Economics and the mid-life crisis have much in common: Both dwell on foregone opportunities

C'est la vie; c'est la guerre; c'est la pomme de terre . . . . . . . . . . . . . email: jpalmer at uwo dot ca

. . . . . . . . . . .Richard Posner should be awarded the next Nobel Prize in Economics . . . . . . . . . . . .

Thursday, May 26, 2005

AUT Boycott Rescinded by Large Margin

The decidedly biased BBC reports that the British AUT's attempt to boycott two Israeli universities has been rescinded. It does not report (as I learned in an e-mail from Joy Wolfe to members of the International Advisory Board for Academic Freedom) that the vote against the boycott was an overwhelming two-to-one against the boycott.

What is appalling about the BBC coverage is that, while it might superficially appear to present both sides of the debate, it presents none of the reasons that so many people were so opposed to the boycott. Essentially, all it does is quote AUT executive members who are claiming moral victory [seems more immoral than moral to me] and who claim to be pleased to have opened up the debate.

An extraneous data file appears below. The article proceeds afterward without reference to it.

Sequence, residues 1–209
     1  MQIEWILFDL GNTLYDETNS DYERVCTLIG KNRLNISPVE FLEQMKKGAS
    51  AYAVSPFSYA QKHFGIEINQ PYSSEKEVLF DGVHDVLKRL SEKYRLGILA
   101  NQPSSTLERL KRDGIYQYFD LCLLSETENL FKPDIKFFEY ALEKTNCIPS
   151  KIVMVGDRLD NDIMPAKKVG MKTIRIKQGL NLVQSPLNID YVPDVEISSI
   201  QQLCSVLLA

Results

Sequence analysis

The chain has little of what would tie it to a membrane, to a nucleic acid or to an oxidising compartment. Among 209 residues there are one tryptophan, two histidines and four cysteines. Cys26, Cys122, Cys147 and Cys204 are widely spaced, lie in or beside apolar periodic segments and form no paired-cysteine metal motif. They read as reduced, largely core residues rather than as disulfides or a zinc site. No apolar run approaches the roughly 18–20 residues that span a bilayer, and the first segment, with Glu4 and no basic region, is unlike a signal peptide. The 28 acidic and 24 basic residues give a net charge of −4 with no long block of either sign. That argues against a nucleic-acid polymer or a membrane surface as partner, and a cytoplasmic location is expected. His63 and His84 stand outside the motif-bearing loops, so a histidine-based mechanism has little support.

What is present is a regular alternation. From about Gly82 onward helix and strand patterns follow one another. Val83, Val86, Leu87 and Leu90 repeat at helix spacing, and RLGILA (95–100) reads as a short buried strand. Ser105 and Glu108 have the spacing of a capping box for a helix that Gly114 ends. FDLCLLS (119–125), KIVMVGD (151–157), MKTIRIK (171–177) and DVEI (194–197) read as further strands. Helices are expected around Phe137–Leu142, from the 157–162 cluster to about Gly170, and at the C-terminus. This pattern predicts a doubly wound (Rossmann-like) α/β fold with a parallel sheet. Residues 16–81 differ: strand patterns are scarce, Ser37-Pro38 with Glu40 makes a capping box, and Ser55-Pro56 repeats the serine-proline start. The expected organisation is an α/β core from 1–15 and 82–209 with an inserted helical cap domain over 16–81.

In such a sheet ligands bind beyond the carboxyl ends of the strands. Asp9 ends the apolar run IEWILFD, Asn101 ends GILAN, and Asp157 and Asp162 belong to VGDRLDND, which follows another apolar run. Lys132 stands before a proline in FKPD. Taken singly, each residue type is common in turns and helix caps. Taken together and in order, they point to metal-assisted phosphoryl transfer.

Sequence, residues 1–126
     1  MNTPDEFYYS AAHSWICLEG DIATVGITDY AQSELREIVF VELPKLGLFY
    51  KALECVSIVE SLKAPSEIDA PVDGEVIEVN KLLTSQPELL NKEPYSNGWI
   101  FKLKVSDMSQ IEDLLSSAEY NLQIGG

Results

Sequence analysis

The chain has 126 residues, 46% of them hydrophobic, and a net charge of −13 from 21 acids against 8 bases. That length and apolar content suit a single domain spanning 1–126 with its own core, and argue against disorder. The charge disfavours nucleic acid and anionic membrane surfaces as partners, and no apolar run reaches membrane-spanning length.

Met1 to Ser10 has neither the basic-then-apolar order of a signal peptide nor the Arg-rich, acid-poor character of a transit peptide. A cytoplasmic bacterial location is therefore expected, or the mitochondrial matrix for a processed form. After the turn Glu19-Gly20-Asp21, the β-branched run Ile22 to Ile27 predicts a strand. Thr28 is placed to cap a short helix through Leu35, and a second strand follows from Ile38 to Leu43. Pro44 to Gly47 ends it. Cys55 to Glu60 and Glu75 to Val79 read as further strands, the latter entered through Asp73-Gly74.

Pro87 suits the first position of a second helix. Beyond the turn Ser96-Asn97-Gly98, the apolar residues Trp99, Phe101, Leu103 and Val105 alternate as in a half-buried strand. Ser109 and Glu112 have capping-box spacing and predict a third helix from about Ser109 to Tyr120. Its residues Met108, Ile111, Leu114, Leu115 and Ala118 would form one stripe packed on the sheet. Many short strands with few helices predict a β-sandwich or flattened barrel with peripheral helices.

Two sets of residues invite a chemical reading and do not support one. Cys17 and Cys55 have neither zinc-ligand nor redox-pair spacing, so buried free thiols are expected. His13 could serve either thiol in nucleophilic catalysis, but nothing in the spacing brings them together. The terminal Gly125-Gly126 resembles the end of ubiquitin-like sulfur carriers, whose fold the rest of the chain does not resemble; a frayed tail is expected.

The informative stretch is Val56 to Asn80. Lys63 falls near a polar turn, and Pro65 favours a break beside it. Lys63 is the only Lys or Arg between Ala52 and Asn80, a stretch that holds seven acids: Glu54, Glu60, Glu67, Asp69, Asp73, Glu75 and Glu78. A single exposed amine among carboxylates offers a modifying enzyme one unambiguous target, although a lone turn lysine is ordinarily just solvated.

Professor Steven Rose, from the Open University, had supported the boycott. He said: "The crucial thing is that the issue is on the agenda and the debate is going to go on and on in every campus up and down the country.
Let me assure Professor Rose that in any unstacked debate, the pro-boycott proponents will lose, unless they are debating before a crowd of anti-Semites.

For more on the Bent Broadcasting Corporation [aka the BBC], read what Melanie Phillips has to say in her diary. [thanks to MA for the link]
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